Stellantis, the parent company of Chrysler, is trying to invalidate a 2019 emissions deal with rival automakers in California, citing a double standard that destabilizes its production schedules and jeopardizes the jobs of its 56,000 U.S. employees.
The California Framework Agreement, the automaker said, was developed secretly with some competitors, in direct violation of the California Administrative Procedure Act. The agreement excludes Stellantis, putting it at a competitive disadvantage, the automaker says.
Stellantis has petitioned the California Office of Administrative Law to overturn the California Air Resources Board agreement to "relieve Stellantis of the competitive disadvantages arising from our continuing exclusion and to preserve our ability to best serve our customers by fairly allocating our products to all states."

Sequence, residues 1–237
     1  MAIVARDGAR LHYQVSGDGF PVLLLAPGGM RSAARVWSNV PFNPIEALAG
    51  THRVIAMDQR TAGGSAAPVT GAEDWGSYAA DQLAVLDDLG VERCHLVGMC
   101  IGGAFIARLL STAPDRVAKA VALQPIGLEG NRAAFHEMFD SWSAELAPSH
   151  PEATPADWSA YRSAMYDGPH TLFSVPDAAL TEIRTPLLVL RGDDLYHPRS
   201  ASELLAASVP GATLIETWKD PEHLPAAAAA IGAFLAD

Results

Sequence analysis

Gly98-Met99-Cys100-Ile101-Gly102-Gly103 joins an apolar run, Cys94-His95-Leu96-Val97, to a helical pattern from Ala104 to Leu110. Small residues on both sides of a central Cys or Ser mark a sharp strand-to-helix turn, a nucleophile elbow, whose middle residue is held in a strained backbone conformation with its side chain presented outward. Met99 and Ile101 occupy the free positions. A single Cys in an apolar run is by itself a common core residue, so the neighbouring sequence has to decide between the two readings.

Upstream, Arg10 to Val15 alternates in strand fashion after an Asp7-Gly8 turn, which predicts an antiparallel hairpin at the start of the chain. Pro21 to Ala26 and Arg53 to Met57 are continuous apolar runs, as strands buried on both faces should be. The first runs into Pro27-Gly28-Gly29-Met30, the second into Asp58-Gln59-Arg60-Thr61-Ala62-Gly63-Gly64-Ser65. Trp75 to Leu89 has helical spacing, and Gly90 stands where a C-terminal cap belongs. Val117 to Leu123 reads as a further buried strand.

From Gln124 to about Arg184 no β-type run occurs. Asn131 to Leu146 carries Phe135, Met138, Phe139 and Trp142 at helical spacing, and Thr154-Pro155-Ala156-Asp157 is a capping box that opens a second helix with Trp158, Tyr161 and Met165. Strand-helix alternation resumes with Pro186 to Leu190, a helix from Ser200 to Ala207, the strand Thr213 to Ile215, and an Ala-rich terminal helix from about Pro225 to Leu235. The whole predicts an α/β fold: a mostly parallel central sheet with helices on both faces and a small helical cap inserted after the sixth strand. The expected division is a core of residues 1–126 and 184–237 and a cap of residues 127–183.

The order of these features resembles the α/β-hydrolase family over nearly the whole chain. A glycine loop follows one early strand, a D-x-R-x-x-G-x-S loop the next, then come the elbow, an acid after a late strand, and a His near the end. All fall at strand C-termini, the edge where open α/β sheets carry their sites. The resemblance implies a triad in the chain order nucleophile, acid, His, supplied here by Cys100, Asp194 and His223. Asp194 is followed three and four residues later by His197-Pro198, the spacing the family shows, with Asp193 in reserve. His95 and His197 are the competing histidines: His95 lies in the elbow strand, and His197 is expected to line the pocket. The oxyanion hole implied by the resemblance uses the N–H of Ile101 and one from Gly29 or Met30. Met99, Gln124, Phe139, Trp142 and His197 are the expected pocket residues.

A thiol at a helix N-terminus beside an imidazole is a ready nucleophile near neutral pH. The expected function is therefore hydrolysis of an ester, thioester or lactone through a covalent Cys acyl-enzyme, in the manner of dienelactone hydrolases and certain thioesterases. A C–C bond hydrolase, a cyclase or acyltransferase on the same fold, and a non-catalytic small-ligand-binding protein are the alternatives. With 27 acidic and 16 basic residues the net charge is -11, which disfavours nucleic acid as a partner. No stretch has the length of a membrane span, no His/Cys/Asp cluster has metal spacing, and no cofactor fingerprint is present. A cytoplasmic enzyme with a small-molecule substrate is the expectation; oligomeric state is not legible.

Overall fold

CARB intends to retroactively enforce greenhouse gas emissions standards for 2021 and 2022 model years against automakers, including Stellantis, according to Stellantis' filing. However, the automaker says the same regulations aren't being retroactively enforced against automakers in the voluntary agreement.
Ford, Honda, Volkswagen and BMW entered into the agreement to reduce vehicle emissions, and Volvo Cars, now owned by Geely of China, joined soon after, Reuters reported. Stellantis attempted to join the agreement later but was turned down, the news agency said.
Originally posted on Auto Dealer Today